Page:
Fortunes Told While You Wait
by Angela N. Hunt
“You will marry a tall, dark and handsome man. He will be your orthodontist,” said Merriweather Mieyerthen, craning over her tarot cards.
Her client gasped.
It was always the same, Merri thought, after her soon-to-be-wed-to-an-orthodontist client left. People had futures worth having, even if they were simple.
She came to the local coffee shop every day. Told fortunes with her cards while people waited for their cappuccinos and mochas. Saw futures of every shape and size.
But never her own. The cards always remained blank.
She knew her own story well, if not her future. How her Baba had come out of seclusion for her baptism. How she had given the baby Merri her Naming and Gift. How her mother had screamed, “No!” when Baba spoke her blessing. Only it had been the Curse of the Mieyerthen women, the same curse spoken for over ten centuries.
Merri was the Third. Gifted with True Sight, she would see the futures of all people. All people except her own, until such time as True Love should seek her for his own. And as always, he would be accompanied by Temptation, with no way for her to tell twixt the two, except that he would know her true future, and he would die for Love.
As it had been her Baba’s.
And Baba had chosen poorly.
Merri scooped up the cards and closed them into a solid deck. Slipped them into their green satin pouch, finished for the day. The futures of the shop’s customers unraveled before her mind’s eye in a Technicolor rainbow of possibility, but no one showed interest in her little table. No flare in the rainbows drew her eye as it did with a potential client.
She stepped up to the counter and ordered another mocha before stepping out of The Bean, rainbow macramé satchel slung over her shoulder. She pushed out the door into golden afternoon light that already lay edged with the pinks and purples of another glorious Southern California sunset. She smiled, turned about and walked right into two men.
And nearly dropped her mocha.
They had no futures.
They smiled. She smiled in return out of reflex. Her heart did a little double flip.
Both, more than passing handsome, one dark, one fair, eyes the identical brilliant blue of a So Cal noonday sky.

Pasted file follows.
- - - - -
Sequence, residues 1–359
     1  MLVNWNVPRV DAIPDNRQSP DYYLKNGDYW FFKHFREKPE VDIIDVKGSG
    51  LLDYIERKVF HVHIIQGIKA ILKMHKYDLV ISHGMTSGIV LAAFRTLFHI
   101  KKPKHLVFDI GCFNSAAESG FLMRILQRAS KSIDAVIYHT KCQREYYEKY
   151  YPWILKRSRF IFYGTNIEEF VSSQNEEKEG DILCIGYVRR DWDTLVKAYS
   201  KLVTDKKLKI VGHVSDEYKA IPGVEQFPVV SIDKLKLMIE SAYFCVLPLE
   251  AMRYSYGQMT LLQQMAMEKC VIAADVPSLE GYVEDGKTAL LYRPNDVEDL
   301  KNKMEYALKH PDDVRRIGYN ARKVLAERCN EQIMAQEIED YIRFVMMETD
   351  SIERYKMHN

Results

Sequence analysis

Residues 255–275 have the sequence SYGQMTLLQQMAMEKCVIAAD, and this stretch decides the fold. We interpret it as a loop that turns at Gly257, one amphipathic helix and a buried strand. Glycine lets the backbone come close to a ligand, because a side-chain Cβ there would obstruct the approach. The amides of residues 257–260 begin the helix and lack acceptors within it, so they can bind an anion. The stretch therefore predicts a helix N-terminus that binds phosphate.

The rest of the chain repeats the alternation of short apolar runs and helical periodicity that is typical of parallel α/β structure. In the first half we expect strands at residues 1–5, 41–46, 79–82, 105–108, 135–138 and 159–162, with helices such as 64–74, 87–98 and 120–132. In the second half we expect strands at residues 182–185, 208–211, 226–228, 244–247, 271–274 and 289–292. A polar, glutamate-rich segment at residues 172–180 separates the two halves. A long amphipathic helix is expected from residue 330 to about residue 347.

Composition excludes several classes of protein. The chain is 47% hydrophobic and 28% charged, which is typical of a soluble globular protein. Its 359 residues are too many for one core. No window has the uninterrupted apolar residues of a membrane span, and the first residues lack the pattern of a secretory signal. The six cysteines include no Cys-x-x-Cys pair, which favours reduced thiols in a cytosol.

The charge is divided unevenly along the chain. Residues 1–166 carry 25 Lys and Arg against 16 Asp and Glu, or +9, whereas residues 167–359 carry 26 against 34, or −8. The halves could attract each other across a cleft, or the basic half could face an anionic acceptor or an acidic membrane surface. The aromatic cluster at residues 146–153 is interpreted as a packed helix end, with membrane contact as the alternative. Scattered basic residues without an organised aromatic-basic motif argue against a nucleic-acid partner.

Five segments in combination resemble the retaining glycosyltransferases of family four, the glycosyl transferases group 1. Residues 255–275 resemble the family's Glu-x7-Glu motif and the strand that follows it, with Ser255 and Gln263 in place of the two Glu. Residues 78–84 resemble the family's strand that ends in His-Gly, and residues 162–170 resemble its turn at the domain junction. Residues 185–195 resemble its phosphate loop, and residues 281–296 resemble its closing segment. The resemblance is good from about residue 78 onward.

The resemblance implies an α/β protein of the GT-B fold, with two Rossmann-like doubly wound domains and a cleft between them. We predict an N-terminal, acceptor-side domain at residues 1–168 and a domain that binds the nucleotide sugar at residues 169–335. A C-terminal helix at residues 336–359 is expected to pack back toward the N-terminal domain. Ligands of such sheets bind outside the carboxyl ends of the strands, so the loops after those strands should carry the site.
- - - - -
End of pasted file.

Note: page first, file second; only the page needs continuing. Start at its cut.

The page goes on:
It didn’t take a fortune teller to know that her Baba’s prophecy had chosen that day to show up.
Merri’s smile faded, replaced by a small frown.
She’d waited her whole life for this moment. She’d done nothing else but think about it, ever since she’d been old enough to understand the conundrum her Baba had left her along with the Mieyerthen women’s gift/curse.
“Before you even open your mouths, let me just tell you,” Merri said.
“Tell us what?” the fair one asked, his grin disarming.
“I don’t know why my Baba didn’t do this, but I’m doing it now.”
Merri reached up and patted each of the men on the cheek, first the fair one, then the dark. She took a long look at each of them. Smiled wistfully. Took a deep breath.
“Hell no,” she said with finality, and walked away.
The fair-haired gentleman burst out laughing. The dark-haired one chased after her. The fair one saluted the two of them and sauntered off, laughing all the while.
“Wait!” her pursuer called. He caught up at her little blue VW bug.
“What?” Merri asked, dumping her satchel into the car and slamming the passenger door.
“Just...” he paused, taken aback by her glare. “Just wait.”
“Uh...” He threw up his hands in defeat. “Hi?”
“Hi. Now go away.” Merri pulled open the driver side door.
“No, please wait. I promise to go away if you’ll just answer one question.”
Merri paused, one foot in and one foot out of the car.
“All right. Shoot.”
“Why ‘hell no’?” He seemed genuinely perplexed. Even more so when her answer was prompt and immediate.
She took a deep breath, surprised that now, with the moment upon her, it proved more difficult than she had thought. The man in front of her was breathtakingly handsome.
“True Love isn’t a trick and would never make a person choose,” she said.
She seated herself in the car, fumbled with her keys.
His befuddlement vanished, replaced by regret.
“You’re right,” he said and shut her door as she turned the engine over, the little VW sputtering to life.
She put the car in gear.
“Wait one more time?”
She took the car out of gear.
“You’re right. And you’ve broken the curse. I would have fallen in love with you on sight. But breaking the curse? I think I’ll love you for that forever. I just wanted to tell you, you do have a future worth having. I know you think you don’t. I’m sorry your answer is ‘hell no’. Though I’m glad I won’t have to die for love, but...” he took a deep breath. “Today’s not the first time I’ve ever seen you.”
“What?” Merri asked, feeling stupid and slow in the face of his declaration.
“It’s not the first time. Curse or no curse, it’s not. And well...” he took another breath. “I know you said ‘hell no’, but...”
He threw up his hands again, put them in his pockets. “I come here every Saturday. Can I at least buy you a mocha? To say thank you?”
Merri still couldn’t see his future. She couldn’t see her own. But for the first time ever, she didn’t feel a need to see the future.
She smiled. “Sure.” She put the car back in gear. “But the answer is still ‘hell no’.”
She paused before giving the car gas, to give him one last smile and a hope.
Copyright © 2006 by Angela N. Hunt